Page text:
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Wednesday, 14 January 2015

Eight factors that shape how Muslims see the West –

Eight factors that shape how Muslims see the West –

Eight factors that shape how Muslims see the West

While Tony Abbott would have us think the West’s hands are
clean, a look at our actions in the Middle East reveal plenty of cause
for resentment, writes Scott Burchill.

Secretary-General of the Organization of Islamic Cooperation walks outside Jerusalem’s Dome of the Rock

Among the avalanche of media commentary ascribing
contemporary terrorism to some deformation of Islam by an extremist
minority, one question is assiduously ignored: what, if anything, has
the Western world done to contribute to the preconditions for the
attacks we have recently seen in Ottawa, Sydney and now Paris?

For our political leaders the answer is easy: nothing.

Echoing John Howard after the 9/11 attacks, Prime Minister
Tony Abbott announced last September when committing military forces to
fight Islamic State in Iraq that: “… these terrorists and would-be
terrorists are not targeting us for what we have done or for what we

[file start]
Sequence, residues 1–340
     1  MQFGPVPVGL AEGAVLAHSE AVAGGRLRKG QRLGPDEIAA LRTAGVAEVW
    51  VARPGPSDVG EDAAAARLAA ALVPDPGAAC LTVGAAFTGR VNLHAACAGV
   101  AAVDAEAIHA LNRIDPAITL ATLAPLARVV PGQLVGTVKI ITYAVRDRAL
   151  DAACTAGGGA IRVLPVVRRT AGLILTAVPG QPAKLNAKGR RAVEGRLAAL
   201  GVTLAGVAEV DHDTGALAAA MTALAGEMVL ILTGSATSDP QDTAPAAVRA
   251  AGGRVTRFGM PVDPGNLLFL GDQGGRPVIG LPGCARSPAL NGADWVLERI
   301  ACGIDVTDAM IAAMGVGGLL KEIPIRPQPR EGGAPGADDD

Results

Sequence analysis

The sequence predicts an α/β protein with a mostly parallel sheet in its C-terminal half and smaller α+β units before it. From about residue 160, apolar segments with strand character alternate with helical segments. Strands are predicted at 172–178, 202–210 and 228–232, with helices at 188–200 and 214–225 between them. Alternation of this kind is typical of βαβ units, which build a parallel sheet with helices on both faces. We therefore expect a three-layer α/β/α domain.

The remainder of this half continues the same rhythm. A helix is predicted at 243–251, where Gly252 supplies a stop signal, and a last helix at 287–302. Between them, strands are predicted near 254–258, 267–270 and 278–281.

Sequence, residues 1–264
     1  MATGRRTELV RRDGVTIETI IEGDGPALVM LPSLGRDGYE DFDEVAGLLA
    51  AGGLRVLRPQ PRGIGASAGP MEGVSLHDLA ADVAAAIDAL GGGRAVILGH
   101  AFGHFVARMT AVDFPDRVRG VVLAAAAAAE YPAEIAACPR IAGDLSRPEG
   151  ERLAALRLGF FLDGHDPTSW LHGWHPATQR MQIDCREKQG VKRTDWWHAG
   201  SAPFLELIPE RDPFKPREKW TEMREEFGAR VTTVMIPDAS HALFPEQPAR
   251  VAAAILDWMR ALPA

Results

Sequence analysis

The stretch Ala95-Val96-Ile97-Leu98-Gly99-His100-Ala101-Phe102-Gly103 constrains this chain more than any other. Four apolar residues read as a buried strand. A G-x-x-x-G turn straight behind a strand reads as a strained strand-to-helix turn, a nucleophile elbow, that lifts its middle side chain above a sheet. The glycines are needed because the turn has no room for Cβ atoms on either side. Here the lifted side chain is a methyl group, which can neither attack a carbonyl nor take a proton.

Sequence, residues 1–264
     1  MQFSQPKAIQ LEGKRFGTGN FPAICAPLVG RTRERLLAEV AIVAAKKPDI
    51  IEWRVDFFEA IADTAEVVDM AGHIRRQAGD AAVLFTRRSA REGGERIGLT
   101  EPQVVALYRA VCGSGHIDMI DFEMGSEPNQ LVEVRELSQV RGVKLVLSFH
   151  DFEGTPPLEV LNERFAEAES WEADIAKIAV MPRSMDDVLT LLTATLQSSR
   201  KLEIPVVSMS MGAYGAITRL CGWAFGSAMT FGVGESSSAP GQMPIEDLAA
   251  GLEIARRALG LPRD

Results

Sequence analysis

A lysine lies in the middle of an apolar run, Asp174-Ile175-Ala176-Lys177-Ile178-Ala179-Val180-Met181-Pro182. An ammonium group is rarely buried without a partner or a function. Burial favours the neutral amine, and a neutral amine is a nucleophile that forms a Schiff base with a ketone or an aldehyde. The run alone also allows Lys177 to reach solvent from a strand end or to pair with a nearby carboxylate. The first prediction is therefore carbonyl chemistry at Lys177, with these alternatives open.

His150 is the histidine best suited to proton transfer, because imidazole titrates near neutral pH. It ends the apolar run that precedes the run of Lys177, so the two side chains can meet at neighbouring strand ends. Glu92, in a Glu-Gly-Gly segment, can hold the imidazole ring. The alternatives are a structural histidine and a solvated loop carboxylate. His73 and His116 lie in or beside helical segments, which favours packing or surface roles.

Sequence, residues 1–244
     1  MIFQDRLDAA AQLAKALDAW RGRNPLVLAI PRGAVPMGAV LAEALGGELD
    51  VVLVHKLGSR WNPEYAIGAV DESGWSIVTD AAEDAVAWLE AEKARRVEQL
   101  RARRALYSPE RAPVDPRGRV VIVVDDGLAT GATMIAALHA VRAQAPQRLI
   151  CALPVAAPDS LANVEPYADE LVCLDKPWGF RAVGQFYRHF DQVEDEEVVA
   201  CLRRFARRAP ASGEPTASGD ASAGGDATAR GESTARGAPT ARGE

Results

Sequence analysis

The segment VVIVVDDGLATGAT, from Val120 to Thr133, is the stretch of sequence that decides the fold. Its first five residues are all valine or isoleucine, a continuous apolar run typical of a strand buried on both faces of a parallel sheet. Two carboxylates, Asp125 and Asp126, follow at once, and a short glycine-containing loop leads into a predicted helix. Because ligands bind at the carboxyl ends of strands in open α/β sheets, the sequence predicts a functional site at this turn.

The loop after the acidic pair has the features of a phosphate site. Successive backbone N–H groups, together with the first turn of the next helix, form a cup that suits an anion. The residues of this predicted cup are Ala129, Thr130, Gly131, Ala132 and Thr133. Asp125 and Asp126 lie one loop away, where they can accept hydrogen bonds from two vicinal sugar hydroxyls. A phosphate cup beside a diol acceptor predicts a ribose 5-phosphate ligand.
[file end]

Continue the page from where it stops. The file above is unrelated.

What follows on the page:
might do, they are targeting us for who we are; they are targeting
us for our freedom, our tolerance, for our compassion, for our decency.”

Abbott’s rationale repeats the presupposition at the basis
of Western government approaches: we are always the innocent victims of
terrorism, never its perpetrator. We have nothing to explain, change or
apologise for. By locating us on a moral summit from which we can look
down on those who do not reach our giddy standards, we are reassured and
can maintain our focus on violent fanatics and miscreants. Western
state terrorism, after all, is not just taboo, it’s a non-subject.

While responsibility for acts of politically motivated
violence rests squarely with those who commit them, it takes a willfully
ignorant and dangerously naive view of global politics to believe that
Islamists have no grievances worthy of our consideration — and
rectification. This does not mean that we can put an end to anti-Western
terrorism. That is far too ambitious given the revolt against the West
dates from the period of European colonialism. Or that the West is
always to blame for the terrorism it faces.

Our crimes and their grievances should be addressed to